Robert Jürjendal studied classical guitar and composition at Georg Ots Tallinn Music School. In1992 he took part in Guitar Craft, a series of guitar and personal development classes founded by Robert Fripp of King Crimson. One result of these classes was the formation of Weekend Guitar Trio with fellow students Tõnis Leemets and Mart Soo.
Jürjendal’s approach to modern guitar couches his classic technique in tones generated by his Roland VG-8, and loops, often adding Eastern European elements including vocal soloists and choirs. His most recent release is Source of Joy [Unsung Records], a compendium of compositions that range from melodic respites to epic washes with an unfaltering sense of lyricism even during the most atonal moments.
What kind of music were you playing when you first became proficient on the instrument?
It goes back to ’80’s–I studied classical guitar and played a lot of lute and guitar music from the Renaissance and Baroque eras. Later I turned more to the electric world and recorded ambient and prog rock compositions at Estonia Radio studios and at Tallinn Townhall studios. Almost everything was a studio production–I never played it to a live audience. A few years later, I played electric and acoustic guitar in a group Tõnis Mägi & 777 which was probably one of the first ethno-rock groups in Estonia.
What led you to create experimental (non-mainstream) music?
In my childhood I performed musical experiments with an old 4-track tape recorder, which allowed me to record two separate unsynchronized stereo tracks. It was like making “blind” overdubs – a very cool and abstract way to create music. It was the most spontaneous time in my life.
Thinking back, I have always preferred to work with my own ideas and I still do: if I don’t do it myself then nobody does. For me the meaning of “experimental” music is a bit different: In the beginning of the process of creating new music there is a lot of space for the experimental. Things gradually change in the next step, where the original material is compared with “standard” views of music and a lot of interesting ideas will be lost because they seem “too experimental.” I have never thought I’m creating experimental music—I’m just doing what I like. Its important to keep your mind open and use all the techniques and styles you think are useful. Focusing only on experimental music can be very boring—music doesn’t need this. The same thing often happens with improvised music. It’s nice to have different sides and contrasts in music. For example, in pop or rock music things can be very experimental because the contrasts come out more effectively.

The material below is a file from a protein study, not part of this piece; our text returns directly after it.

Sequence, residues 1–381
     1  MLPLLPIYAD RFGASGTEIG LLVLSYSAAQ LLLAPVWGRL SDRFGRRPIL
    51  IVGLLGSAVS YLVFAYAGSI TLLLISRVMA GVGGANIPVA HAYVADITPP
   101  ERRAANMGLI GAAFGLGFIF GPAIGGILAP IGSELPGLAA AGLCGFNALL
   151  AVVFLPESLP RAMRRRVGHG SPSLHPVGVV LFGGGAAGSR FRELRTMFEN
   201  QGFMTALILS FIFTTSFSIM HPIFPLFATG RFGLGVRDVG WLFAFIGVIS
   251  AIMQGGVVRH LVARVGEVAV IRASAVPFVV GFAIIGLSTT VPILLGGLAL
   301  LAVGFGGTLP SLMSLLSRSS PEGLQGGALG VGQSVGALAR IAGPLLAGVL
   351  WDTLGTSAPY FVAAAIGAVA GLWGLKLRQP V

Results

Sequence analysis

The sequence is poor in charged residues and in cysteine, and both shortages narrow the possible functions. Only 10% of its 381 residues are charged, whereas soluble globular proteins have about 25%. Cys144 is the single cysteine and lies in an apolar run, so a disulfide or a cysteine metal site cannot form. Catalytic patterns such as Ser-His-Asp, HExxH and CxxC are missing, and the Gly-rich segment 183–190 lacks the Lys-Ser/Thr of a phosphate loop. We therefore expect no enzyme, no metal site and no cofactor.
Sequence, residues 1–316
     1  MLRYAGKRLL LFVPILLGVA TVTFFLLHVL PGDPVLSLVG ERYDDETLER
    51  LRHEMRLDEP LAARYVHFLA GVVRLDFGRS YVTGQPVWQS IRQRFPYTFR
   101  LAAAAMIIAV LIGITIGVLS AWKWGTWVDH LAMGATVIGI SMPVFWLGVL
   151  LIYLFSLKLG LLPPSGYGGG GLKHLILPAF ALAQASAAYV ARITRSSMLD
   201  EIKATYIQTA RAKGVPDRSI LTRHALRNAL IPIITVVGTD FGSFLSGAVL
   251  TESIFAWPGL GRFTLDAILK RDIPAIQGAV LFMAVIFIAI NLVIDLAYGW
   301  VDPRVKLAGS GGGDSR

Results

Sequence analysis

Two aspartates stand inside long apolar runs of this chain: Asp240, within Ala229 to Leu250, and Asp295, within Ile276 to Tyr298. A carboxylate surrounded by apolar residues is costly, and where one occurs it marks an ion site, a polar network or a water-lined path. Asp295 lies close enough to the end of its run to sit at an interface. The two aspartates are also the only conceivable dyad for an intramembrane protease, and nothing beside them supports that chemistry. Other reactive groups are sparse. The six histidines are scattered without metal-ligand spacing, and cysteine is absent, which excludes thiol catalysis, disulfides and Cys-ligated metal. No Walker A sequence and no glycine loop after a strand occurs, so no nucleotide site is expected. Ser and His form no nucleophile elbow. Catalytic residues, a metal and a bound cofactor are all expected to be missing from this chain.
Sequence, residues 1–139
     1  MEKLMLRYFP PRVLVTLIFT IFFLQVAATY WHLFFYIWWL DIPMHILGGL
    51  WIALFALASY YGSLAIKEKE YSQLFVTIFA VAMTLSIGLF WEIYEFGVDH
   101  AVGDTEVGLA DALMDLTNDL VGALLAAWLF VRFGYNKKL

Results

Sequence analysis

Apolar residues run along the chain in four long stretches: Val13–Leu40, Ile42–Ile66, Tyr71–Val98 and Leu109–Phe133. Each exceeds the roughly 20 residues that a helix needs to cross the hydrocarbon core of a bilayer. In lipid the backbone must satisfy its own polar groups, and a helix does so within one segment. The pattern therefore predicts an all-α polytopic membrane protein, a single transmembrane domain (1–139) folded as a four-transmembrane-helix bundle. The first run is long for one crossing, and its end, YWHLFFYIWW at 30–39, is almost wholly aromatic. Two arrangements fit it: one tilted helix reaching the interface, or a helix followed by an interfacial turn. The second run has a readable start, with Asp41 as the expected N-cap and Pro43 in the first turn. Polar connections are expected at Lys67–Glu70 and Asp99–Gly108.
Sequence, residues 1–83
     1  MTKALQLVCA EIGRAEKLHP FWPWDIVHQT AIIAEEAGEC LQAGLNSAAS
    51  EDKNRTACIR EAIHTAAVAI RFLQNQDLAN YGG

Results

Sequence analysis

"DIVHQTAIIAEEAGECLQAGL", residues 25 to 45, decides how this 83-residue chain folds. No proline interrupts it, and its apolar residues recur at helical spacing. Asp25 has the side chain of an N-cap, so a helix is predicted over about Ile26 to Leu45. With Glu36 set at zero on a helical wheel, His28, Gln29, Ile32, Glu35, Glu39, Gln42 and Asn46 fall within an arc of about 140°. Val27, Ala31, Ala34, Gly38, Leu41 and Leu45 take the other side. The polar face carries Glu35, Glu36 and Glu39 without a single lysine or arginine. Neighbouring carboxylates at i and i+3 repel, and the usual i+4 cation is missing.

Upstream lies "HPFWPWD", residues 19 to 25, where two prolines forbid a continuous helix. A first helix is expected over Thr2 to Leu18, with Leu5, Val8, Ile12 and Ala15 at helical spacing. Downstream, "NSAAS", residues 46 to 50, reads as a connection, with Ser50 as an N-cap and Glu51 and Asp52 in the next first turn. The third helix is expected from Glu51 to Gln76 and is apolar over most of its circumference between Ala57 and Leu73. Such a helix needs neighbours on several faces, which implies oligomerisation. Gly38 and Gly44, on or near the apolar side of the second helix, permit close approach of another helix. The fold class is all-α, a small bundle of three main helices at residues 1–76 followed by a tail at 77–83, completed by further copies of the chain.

Whose music inspires you?
My first teacher recognized my strong musical interest and gave me all kind of music from Bach to modern composers and groups to listen to. I listened to a lot bands like In Spe (a famous Estonian prog group), ELP (Emerson Lake & Palmer), King Crimson, Led Zeppelin, Mahavishnu Orchestra. I remember there was also a period when I completely turned to the punk rock area. At first it sounded very fresh, but I tired of it quickly.
Music is not the only thing that inspires and helps me to exist as musician/human being. I prefer music that clearly shows the “face” of its creator. It’s not necessarily guitar music. Recently, I rediscovered a famous French composer Guillaume de Machaut—especially his motets for 3-4 voices. One of my favorite pieces is Lux Aeterna by Georgy Ligety. Many people know it as a soundtrack from Space Odyssey, a great movie by Stanley Kubrick.
These days I listen to much semi-composed and improvised stuff, which is continuously open—every new performance gives a chance for challenge. I’ve always admired the work of Ryuichi Sakamoto. His impressionistic Music for Yohji Yamamoto (1995) for solo piano is just amazing. Other music doesn’t need improvisation because its structure is just so perfect. For example “Pari Intervallo” by Arvo Pärt – a simple and beautiful composition.